Breaking Down Boundaries Through Literature and Song
NEW YORK, November 18, 2010 - The arts—literature, music, and film—have the power to change people's perceptions of other cultures, according to Reza Aslan, editor of Tablet and Pen, a new anthology of literature from the modern Middle East.
Over the course of an evening of music and poetry at Asia Society New York on Thursday, Aslan discussed the motivation behind the anthology, in which he has collected poems, essays, and short stories written over the last century in Arabic, Urdu, Persian, and Turkish. He also welcomed musicians and performers to the stage to sing and read poetry from the book, both in English and in the original language, allowing the audience to experience the cadence of the original verse as well as the translation.
Aslan explained that he wanted to produce the anthology because he believed in the power of literature to counteract what he described as "an unprecedented hysteria" against Muslims heard in some current political rhetoric in the United States.
"The arts provide a universal language that breaks down the walls and allows us to peer through the barriers that separate us as different ethnicities, different nationalities, different religions," said Aslan.
He argued that "data and information" alone would not change the minds of the people behind the Park 51 Islamic Center controversy, the unprovoked ban on Sharia law in Oklahoma, or the 45 percent of Americans who responded to a survey saying that they believed Islamic values are antithetical to American values.
Speaking with Christopher Merrill, director of the University of Iowa International Writing Program, Aslan expressed his hope that besides introducing the literature of the region, the anthology would help illuminate history as well. He explained that unlike a traditional anthology, which one reads in bits and pieces, this anthology has been crafted so that the story of the emergence of the modern Middle East unfolds throughout the works.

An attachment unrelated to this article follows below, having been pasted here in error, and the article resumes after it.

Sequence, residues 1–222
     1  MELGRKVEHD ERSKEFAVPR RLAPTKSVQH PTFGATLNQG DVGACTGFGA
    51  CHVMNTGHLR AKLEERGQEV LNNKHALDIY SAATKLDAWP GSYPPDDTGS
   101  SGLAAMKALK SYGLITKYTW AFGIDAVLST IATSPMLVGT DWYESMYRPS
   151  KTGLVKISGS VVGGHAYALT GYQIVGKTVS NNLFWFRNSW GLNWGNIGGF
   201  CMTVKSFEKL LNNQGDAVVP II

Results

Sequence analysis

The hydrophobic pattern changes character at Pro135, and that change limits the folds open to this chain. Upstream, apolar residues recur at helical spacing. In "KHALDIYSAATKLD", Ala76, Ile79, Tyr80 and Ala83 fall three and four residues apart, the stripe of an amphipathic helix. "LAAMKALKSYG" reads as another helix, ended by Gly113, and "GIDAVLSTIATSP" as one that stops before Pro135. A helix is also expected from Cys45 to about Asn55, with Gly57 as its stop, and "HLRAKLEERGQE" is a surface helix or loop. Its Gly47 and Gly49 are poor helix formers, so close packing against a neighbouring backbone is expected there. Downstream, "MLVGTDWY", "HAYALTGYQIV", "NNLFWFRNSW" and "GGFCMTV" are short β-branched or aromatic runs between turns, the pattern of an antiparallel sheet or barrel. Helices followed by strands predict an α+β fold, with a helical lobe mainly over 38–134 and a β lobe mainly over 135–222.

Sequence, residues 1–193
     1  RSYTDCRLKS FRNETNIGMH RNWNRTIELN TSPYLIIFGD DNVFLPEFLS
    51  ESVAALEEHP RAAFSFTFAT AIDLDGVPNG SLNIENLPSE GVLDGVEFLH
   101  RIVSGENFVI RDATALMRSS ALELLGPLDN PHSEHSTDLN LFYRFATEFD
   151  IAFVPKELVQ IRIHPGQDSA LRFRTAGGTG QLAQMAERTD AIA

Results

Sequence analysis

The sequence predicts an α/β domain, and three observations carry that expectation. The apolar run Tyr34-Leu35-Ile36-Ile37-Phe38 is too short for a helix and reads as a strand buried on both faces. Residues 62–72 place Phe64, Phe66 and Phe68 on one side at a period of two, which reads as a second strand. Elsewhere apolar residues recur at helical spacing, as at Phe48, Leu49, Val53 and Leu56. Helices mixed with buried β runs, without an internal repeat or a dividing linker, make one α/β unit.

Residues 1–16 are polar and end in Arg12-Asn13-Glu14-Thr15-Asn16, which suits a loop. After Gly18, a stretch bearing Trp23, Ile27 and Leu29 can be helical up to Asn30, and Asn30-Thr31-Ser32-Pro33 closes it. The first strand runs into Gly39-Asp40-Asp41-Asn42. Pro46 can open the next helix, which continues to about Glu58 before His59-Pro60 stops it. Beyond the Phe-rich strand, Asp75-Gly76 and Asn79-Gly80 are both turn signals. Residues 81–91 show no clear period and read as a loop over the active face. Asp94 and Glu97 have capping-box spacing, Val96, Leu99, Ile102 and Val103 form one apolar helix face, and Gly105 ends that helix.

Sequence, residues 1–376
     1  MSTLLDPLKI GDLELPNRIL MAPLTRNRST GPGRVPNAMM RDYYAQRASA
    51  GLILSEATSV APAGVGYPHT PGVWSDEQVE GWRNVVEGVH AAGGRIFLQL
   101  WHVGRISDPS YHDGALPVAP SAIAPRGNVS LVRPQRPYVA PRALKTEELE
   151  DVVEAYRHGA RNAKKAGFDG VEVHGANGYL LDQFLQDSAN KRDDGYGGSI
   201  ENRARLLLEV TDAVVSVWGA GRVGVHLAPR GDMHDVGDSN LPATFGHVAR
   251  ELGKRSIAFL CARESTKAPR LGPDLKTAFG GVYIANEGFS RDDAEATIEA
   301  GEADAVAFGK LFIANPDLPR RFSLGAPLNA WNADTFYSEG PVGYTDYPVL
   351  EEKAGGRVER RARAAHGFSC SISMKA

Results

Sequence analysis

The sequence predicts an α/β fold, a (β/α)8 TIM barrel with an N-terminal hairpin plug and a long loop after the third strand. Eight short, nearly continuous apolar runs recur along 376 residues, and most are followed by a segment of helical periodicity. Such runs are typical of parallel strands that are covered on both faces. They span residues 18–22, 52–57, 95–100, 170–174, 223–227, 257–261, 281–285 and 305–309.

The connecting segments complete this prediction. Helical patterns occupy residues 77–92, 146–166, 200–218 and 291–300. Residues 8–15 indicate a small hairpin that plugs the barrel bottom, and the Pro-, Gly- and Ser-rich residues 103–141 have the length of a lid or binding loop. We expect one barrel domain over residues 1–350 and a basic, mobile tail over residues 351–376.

"There is a master narrative that's being told here, about the use of literature to form identity and to push back against the West," said Aslan, describing the progression through the works from nascent nationalism the attempt at "borderless writing" of contemporary writers.
Aslan features one such contemporary Iranian writer, Alireza Behnam, whose poetry he fortuitiously encountered on the Internet. Except for online, Behnam's poetry is largely unpublished, even in Iran.
"The Internet is becoming the new Tower of Babel," Aslan remarked, "the borders and boundaries that separate us just don't apply anymore."
Tablet and Pen closes with this verse from Behnam, "ask me about the future, I'll reply in Babylonian." Aslan explained that this verse refers to Behnam's sense that history in post-Revolution Iran is a series of repetitions—the future has already happened, and the past will be again. In selecting these as the final words, however, Aslan hopes his readers will look back, not in order to revert to the past, but in order to move forward.
"Hopefully... in the end we will have a better understanding of this complex, mosaic region, and we'll have a better sense about ourselves and each other," he said.
Reported by Mollie Kirk